I value my services but I have my limits as to what I will do and for how much so I want to find out how far away it is and how much of my day will I be selling and even whether its a suitable job for me to be involved with.Then I will give a price.

Rufus
Skip Way
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I'm with InventorRu here. Once you've set your range, it's difficult to back-pedal when you find out they have this huge complicated affair in mind. Listen to the problem, offer a solution, then set your fee. It shouldn't be a "long sales pitch." You should leave the no-nonsense client with the impression that "this guy understands my needs" and "there are more important issues than price here."

Besides, if he's a "bottom line" type who is more concerned about the lowest price than having his concerns professionally addressed, he's the one who will dump you in a New York minute when he finds that cheaper deal. If you're doing your job right and growing as a performer, there will always be a cheaper deal.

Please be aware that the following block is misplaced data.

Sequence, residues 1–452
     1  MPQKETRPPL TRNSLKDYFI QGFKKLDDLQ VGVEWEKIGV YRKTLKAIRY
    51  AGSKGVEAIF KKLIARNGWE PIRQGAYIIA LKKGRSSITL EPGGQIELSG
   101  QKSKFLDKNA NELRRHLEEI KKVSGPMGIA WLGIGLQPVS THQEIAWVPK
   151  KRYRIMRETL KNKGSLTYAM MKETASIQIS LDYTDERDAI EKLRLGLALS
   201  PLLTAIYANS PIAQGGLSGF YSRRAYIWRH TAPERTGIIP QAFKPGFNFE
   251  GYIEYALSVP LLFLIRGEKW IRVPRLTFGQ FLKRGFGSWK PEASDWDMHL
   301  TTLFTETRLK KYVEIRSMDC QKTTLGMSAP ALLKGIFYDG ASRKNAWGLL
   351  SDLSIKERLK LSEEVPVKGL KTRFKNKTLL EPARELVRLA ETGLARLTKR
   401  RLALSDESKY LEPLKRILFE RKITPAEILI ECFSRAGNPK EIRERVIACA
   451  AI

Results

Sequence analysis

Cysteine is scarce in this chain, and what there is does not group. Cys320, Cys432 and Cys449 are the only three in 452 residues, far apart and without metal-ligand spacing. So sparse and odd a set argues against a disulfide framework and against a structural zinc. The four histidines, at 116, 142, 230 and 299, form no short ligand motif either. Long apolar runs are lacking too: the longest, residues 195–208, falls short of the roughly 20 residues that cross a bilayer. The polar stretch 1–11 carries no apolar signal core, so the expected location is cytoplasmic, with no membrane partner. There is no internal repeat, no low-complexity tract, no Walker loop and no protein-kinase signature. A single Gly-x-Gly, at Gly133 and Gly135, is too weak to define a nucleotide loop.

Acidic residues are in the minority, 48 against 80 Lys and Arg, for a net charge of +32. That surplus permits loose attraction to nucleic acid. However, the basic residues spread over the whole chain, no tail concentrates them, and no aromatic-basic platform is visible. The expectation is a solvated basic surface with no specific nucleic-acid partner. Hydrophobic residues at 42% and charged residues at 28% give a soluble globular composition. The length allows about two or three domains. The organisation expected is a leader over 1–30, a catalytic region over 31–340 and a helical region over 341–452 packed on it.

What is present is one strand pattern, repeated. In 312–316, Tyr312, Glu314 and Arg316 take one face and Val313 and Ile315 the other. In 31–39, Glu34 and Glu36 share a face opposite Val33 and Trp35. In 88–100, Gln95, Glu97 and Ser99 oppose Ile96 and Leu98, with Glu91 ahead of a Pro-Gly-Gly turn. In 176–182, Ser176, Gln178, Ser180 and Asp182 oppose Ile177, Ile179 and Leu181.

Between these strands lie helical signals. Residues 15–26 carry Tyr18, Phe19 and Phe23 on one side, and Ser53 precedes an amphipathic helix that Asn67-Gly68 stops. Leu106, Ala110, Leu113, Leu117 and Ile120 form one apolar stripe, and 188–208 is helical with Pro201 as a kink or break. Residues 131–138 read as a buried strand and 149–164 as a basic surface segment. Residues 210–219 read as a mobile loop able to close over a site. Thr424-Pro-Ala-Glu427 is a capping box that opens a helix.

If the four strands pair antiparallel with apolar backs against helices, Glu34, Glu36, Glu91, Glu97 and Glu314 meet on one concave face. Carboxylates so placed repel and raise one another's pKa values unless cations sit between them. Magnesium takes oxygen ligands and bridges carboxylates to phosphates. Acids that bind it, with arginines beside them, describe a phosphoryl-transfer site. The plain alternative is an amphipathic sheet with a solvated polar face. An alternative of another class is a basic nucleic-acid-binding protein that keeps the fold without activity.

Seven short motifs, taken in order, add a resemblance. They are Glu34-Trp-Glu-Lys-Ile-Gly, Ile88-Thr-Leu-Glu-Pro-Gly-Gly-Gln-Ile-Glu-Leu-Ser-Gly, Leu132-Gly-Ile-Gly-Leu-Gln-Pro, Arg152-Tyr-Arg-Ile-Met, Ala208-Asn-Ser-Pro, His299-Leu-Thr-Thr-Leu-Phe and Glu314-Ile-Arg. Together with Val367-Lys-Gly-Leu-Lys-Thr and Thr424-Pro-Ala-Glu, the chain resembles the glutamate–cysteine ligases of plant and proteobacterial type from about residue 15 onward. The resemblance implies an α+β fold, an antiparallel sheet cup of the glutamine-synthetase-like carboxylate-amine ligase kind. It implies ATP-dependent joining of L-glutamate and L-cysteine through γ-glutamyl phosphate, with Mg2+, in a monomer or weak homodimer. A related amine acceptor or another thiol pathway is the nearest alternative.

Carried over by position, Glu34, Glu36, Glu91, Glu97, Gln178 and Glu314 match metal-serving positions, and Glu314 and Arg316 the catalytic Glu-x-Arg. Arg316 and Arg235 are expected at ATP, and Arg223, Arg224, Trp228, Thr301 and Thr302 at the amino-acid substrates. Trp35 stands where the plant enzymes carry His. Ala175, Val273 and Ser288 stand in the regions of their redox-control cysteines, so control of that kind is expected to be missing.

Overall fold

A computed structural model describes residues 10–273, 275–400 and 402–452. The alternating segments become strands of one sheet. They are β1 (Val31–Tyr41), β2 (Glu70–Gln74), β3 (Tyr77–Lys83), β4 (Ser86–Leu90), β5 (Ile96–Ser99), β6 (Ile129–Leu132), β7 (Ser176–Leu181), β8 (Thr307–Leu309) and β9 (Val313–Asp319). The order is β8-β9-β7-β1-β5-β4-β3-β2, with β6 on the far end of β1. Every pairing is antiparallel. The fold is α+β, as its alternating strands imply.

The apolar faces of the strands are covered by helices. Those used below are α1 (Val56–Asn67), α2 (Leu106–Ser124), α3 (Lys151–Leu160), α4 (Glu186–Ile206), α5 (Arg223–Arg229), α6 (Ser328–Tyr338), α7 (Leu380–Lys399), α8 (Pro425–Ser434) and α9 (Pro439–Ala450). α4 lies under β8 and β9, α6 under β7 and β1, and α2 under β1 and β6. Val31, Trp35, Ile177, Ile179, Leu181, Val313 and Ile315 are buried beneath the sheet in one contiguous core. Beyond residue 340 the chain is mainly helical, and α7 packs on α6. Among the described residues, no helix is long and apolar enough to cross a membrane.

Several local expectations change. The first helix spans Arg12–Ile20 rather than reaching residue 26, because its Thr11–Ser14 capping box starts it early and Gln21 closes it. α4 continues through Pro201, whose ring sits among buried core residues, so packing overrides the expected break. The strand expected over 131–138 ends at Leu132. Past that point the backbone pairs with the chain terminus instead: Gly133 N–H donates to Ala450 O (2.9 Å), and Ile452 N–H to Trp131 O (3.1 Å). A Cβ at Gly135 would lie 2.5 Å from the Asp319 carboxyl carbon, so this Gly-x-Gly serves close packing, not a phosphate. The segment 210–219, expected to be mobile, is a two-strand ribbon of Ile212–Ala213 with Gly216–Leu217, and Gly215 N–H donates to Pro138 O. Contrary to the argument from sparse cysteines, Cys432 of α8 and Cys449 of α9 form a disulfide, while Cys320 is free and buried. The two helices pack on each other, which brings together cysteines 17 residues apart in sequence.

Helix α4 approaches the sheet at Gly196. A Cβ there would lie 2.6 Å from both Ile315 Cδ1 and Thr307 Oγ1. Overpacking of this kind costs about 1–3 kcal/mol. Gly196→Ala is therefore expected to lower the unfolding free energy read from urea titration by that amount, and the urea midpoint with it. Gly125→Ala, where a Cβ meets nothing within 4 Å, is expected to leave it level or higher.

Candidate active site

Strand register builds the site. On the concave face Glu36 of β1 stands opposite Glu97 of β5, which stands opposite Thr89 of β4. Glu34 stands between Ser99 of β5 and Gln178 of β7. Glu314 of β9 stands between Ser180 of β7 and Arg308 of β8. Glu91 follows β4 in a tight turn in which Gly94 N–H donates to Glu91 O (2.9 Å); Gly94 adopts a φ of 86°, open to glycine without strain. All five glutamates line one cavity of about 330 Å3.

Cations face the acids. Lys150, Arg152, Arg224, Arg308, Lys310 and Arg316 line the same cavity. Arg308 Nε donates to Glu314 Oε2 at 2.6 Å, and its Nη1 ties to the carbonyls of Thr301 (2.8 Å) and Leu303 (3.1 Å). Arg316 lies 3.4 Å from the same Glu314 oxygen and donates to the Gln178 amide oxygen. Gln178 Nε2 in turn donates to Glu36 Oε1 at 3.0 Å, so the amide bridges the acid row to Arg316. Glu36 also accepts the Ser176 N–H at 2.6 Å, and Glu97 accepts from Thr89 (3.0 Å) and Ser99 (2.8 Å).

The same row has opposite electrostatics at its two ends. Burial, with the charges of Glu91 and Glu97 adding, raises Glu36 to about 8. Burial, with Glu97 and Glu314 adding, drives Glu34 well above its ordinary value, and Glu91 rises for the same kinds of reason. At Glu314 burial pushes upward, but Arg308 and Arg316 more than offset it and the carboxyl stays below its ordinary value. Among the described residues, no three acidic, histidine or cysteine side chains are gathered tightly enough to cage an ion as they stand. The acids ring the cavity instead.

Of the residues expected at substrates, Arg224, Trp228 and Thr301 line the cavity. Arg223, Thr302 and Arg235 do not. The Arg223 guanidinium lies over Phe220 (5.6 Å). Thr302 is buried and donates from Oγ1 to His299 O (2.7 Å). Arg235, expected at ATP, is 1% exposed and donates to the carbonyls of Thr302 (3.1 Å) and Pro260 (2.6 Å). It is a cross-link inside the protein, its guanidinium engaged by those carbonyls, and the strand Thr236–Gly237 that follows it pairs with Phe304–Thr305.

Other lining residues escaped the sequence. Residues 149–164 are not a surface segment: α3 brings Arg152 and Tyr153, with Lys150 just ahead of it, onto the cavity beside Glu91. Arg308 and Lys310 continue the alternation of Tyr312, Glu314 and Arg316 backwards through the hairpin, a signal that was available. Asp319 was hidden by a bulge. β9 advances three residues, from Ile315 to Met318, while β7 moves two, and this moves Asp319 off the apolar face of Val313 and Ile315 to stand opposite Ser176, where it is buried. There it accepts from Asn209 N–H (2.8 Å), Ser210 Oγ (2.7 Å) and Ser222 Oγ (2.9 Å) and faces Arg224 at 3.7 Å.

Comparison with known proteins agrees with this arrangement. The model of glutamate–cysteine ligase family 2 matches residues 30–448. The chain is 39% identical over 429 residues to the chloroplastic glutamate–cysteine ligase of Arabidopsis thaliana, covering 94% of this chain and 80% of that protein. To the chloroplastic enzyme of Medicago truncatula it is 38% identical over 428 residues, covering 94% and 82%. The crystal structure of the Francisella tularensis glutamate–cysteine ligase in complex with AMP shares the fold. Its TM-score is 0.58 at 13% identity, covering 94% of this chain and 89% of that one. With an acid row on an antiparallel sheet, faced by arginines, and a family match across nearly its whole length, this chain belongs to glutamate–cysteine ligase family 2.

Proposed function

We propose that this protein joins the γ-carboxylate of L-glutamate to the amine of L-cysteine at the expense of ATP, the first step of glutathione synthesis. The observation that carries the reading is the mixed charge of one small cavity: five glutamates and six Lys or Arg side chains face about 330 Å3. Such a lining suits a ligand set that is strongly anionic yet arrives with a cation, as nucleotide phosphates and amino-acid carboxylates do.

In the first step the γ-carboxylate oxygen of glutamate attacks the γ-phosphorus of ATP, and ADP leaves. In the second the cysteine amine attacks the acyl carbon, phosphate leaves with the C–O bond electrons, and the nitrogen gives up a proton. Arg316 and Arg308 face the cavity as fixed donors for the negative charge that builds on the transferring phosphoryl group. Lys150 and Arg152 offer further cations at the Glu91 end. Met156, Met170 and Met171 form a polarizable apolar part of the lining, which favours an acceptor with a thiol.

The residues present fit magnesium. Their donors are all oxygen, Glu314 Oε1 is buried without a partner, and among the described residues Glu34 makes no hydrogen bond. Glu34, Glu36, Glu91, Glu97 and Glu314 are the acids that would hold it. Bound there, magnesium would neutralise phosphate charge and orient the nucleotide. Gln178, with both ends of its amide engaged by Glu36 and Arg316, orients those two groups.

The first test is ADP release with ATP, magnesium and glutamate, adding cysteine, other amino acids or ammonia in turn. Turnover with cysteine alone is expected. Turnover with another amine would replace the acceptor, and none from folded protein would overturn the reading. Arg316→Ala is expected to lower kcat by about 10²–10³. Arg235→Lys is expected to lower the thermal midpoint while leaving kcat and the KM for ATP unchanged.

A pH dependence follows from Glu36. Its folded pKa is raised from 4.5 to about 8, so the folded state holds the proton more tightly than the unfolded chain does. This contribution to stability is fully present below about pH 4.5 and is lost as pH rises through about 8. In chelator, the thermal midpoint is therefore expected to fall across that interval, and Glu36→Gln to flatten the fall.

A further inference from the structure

How you leave others feeling after an Experience with you becomes your Trademark.

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Jim Snack
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Lot's of good ideas here. There is a difference between a curious inquiry and a real potential client. Sometimes we are fearful of scaring a prospect away by quoting a high fee, but there is also another approach.

I once read that Lisa Menna, who does a lot of corporate work, will often set expectations high by answering the question with a humorous prelude. When the client asks, "What do you charge?" She responds, "Are you sitting down?" I love that line.

It's not my style, but in the past I used to respond to local inquires by first saying, "If you are calling around and getting quotes from several magicians, I'm probably going to be the most expensive magician you talk to. Let me explain why. Most everybody else locally does magic part-time, as a hobby. They perform one or two shows a month, and that's fine, but they just don't have the level of experience I have. I am a full-time professional, performing 15-20 shows each month, all along the East Coast. I have performed under all kinds of conditions, indoors, outdoors, whatever. I bring everything I need, sound system and backdrop if necessary, and can ensure a great show, no matter what. Furthermore......" And I continue selling my value proposition.

Some people equate fee with value and are willing to spend more if they think they are getting the best.

Jim
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Ed_Millis